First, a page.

In the ‘90s, Ben Affleck and Matt Damon wrote the screenplay for Good Will Hunting for one reason: after struggling to cement themselves as actors, they wanted to take fortune into their own hands and create roles for themselves. Despite only initially being constructed as a means to an end, the classic drama movie would end up being one of the best movies of the decade, becoming the platform from which Affleck and Damon would step up as two of Hollywood’s biggest stars.
Since then, the two have gone on to collaborate numerous times on-screen and have even set up their own movie production company. The first result of this latest partnership is the feel-good sports movie Air. Following the true story behind the creation of the famous Air Jordan sneakers, the new movie has been celebrated (not least in our own Air review) for its sharp charm and all-star cast.
But truly if Air proves anything, it’s that the power of Ben Affleck and Matt Damon’s cinematic relationship is one of the few things that can’t be diminished by the passage of time. The multi-talented, Oscar-winning duo have a chemistry that most rom-com leads can only dream of, and while we’re not suggesting the pair should star in a rom-com together, we’re also not not saying that.
So, rightly, Air will soon be spoken about in the same breath as Good Will Hunting when dads across the world – long into the future – reflect on the greatest collaborations between Affleck and Damon.
Sadly, that stands as a gross oversight and there’s one Ben Affleck and Matt Damon movie which is still criminally underrated, and inexplicably overlooked.
Released in 2020, The Last Duel is a sensitive historical drama movie set in 14th century France, with an impressive cast and lashings of action for good measure. Starring Jodie Comer as Marguerite, Matt Damon as her husband Sir Jean de Carrouges, Adam Driver as Jacques Le Gris, and Ben Affleck as Count Pierre d’Alençon, The Last Duel is split into three main acts. In each of these the central story (surrounding Marguerite’s accusation of sexual assault at the hands of Le Gris) is re-told three times through the eyes of three different characters.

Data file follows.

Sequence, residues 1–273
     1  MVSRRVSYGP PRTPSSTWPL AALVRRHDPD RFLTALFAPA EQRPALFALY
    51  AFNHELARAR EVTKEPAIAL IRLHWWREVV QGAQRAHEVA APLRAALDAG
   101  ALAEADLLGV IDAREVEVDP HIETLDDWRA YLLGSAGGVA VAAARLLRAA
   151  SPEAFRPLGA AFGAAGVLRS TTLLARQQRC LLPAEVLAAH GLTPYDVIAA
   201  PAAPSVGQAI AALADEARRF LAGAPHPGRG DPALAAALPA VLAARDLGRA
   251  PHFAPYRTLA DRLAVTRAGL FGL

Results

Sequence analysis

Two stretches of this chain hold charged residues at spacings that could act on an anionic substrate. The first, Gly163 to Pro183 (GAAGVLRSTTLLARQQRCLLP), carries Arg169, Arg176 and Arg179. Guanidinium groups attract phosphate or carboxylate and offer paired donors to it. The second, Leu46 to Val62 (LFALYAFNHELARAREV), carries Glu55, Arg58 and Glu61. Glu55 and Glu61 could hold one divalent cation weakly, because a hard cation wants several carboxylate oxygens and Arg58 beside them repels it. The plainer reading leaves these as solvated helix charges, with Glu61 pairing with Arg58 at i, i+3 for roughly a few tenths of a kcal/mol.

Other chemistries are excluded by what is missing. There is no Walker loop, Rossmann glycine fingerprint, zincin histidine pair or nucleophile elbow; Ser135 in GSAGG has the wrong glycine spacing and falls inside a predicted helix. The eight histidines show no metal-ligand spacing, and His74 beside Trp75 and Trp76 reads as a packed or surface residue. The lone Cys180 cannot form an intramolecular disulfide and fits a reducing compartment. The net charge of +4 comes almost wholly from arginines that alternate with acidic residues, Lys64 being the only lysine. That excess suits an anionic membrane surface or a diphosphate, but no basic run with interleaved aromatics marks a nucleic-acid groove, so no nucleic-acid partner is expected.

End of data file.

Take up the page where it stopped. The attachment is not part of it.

Sometimes, the distinction between the three characters’ recollection of events is subtle, and sometimes it’s distinct. Naturally, such repetition risks becoming dry. However with incredible worldbuilding and excellent performances (as well as a genuinely sweat-inducing final battle) The Last Duel always keeps you invested in the story of Marguerite as it morphs before your eyes.
Above all though, it’s the devotion to compassionate storytelling that puts The Last Duel into the bracket of something close to a modern classic. The movie’s only source of competition for the title of ‘best Ridley Scott movie since Black Hawk Down’ is The Martian – another movie in which Matt Damon takes a starring role. But The Last Duel has a secret weapon which The Martian couldn’t produce.
That secret weapon is, of course, Ben Affleck. Affleck’s role as Count Pierre d’Alençon in The Last Duel is not a major one, but his supporting presence (and moments with Matt Damon) still leave an indelible mark on the story.
Affleck is not where the story lies here: his role is to cast a thorny shadow, rather than draw the spotlight to himself at all times. Clearly having a blast, Affleck relishes the chance to don a French accent and bring life to the antagonistic and arrogant Count opposite Damon’s stiff and equally ego-driven noble.
Despite the mercurial presence of Affleck and Damon combined, The Last Duel pulled in a meagre $30 million at the box-office against a reported $100 million budget. During the height of the pandemic, it turns out no one wanted to take a trip to the cinema to watch a story so bleak, albeit impressive.
Thankfully, the action movie was not forgotten. It found a home on the streaming service Disney Plus, where it now resides, eagerly waiting to be watched at your own leisure. And you should watch it. The Last Duel is one of Ridley Scott’s very best, with a phenomenal performance from Comer, and hefty work from Affleck and Damon.
It’s a pity that it never found its audience in the cinema, but it deserves to be held in the same regard as Good Will Hunting and Air nonetheless.